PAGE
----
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CD-ROMs are usually ISO9660 formatted, so you should try that. It is also often the case that your system will have a symbolic link from /dev/cdrom to the device which is your cd drive, although I don't know about the case of slackware - maybe it's left up to the system admin to create this if they want it. It's automatic on lots of other distros though.
If you have the symlink, and it is correct, try this:
mount -t iso9660 /dev/cdrom /mnt
Of course, make sure nothing else is mounted on at /mnt first.
If you don't have the /dev/cdrom link, and you are not sure of the device to use, try doing:
My silly mistake, of course it should have been -t iso9660. Anyway, the mount command issued the same error message, complaining about the device.
I booted into Windows to check the hardware at a basic level. The CD-ROM reads alright. However, it doesn't want to boot from a bootable CD-ROM. BIOS is set to try CD-ROM, then floppy, then hard disk. The bootable CD-ROM is just ignored and the boot happens from the hard disk when no floppy is present.
Look at your grub.conf or lilo.conf file. If you are using SCSI emulation i.e. hdc=ide-scsi then you should be using /dev/scd0 instead of /dev/hdc. Have you ever been able to mount CDs in the past? Post your /etc/fstab entry for your CDROM.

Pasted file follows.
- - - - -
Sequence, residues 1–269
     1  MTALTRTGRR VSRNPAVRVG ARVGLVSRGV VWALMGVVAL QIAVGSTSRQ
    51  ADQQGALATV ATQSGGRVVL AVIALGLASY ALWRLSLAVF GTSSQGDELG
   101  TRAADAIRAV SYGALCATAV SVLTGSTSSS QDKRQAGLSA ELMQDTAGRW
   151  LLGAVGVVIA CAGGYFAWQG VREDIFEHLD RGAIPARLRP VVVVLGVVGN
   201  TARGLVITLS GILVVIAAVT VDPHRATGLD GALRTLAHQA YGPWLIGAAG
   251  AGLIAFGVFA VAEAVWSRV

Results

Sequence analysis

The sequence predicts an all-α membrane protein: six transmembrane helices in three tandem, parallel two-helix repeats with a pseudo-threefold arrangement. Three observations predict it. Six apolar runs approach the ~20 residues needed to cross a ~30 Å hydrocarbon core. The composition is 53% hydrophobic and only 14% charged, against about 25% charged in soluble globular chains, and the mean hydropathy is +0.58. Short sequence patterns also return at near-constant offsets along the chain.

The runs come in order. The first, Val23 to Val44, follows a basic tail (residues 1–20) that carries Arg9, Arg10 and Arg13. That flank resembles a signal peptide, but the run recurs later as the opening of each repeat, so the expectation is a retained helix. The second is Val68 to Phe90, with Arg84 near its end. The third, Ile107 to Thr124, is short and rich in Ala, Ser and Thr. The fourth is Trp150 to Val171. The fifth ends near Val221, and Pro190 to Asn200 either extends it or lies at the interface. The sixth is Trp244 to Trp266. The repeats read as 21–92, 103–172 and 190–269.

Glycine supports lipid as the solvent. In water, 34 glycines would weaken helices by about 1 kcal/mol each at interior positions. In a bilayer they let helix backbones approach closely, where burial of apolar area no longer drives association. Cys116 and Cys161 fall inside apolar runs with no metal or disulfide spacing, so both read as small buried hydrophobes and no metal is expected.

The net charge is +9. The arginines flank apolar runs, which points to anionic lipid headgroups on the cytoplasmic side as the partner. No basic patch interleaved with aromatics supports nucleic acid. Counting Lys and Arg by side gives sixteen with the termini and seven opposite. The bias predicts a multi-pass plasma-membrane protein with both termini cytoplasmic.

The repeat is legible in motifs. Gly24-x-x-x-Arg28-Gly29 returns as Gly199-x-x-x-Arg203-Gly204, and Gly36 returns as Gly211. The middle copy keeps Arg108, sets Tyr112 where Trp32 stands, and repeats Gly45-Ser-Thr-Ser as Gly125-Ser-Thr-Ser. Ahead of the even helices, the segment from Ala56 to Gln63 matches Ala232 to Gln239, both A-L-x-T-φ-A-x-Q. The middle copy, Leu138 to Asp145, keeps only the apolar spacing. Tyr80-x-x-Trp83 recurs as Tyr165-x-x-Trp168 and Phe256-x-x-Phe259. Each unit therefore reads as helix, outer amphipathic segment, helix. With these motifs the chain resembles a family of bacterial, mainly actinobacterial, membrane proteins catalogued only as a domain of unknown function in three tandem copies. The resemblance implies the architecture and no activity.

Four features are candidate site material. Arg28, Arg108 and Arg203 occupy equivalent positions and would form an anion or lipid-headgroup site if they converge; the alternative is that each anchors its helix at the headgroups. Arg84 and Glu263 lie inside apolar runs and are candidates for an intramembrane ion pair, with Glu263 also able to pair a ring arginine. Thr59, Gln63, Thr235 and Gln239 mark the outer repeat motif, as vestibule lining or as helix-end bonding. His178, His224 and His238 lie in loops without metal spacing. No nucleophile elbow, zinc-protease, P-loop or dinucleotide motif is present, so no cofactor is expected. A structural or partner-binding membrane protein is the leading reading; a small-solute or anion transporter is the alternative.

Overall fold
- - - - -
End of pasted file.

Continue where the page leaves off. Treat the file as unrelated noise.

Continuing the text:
Do you know this CD is actually bootable? How was it created? If the CDs contents are a single ISO file then it was not burned correctly. If this is a really old PC the CDROM drive might not be able to handle new 700mb CDs. Yes the drive could be flaky but have you tried other bootable CDs?
BTW you can not tell from the /mnt folder to know if a CD is bootable.
You could manually edit the file but that would not fix the issue since you are manually mounting the CD the fstab file is not being used. Have you looked at your bootloader configuration file? Have you tried other bootable CDs in this computer?